Degree: Doctor of Education (EdD)
School: Lewis University
Anticipated Graduation: December 2023
Throughout her life, Cheryl Boyle’s work has always come back to education, despite not starting out in the field.
As a nurse, she worked in many clinical settings butserved as a nurse educator, too. When she homeschooled her children, teaching became even more central to everything Boyle did. She changed careers in midlife and picked up degrees in music and literature, eventually opening a boutique music lesson service. And this past summer, she took on a faculty position at Aurora University.
Still, Boyle says, “I really wanted a terminal degree, a doctoral program. This program is really focused on theory, active critique of society, diversity, educational policy, and how all people learn.”
She plans to use her degree to act on those critiques. “This gives me the credential to make the change in the lives of others as well as my own,” Boyle says.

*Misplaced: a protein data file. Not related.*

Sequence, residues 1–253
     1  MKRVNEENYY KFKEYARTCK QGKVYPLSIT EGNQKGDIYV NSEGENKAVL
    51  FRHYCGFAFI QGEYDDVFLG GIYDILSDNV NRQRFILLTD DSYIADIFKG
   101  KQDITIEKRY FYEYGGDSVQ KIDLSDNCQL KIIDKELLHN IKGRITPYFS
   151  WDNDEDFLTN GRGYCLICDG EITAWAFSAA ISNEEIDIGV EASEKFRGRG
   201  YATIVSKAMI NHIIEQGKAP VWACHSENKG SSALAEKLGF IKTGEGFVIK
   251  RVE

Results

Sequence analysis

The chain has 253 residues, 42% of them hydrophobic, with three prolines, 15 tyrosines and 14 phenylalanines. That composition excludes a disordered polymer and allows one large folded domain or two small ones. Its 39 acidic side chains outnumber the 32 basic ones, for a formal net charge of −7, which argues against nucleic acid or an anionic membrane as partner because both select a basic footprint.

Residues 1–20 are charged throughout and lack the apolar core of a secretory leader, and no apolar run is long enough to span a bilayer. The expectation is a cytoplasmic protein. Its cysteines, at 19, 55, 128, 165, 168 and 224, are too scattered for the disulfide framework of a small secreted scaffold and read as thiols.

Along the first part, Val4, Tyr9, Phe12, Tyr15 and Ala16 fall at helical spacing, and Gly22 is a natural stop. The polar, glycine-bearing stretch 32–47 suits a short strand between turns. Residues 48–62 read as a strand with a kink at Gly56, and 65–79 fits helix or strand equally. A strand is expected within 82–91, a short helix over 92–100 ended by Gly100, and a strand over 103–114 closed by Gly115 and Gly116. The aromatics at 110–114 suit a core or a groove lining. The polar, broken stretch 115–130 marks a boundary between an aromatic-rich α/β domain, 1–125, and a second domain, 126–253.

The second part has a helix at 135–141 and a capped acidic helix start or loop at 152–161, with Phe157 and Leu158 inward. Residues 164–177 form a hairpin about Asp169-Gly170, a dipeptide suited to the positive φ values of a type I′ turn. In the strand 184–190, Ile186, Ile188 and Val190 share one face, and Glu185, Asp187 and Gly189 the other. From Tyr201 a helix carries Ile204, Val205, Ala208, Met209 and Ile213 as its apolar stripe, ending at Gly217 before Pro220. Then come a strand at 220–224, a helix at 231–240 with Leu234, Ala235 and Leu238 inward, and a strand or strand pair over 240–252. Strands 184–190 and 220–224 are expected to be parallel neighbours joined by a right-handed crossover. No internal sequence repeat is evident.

One aspect of society she would love to change: how people think about aging.
“It seems in our country we have a formula: You reach a certain age, and you’re supposed to cut your hair, stop being stylish, or stop achieving, stop working,” Boyle says.
In reality, older people stand to enrich the classroom. “Older students bring a wide array of teaching and learning skills to the classroom because they’ve had to process so much information through life, using complex and different angles and approaches,” Boyle says.
She adds that people regularly make judgmental comments about her pursuing a degree at an advanced age, questioning what she’ll do with it.
Boyle remains undeterred. “Our population is older now. People live longer, and they’re making different choices for that time period in their life,” she says. “It’s definitely not the end of real living; it’s an opportunity to reach your fullest potential.”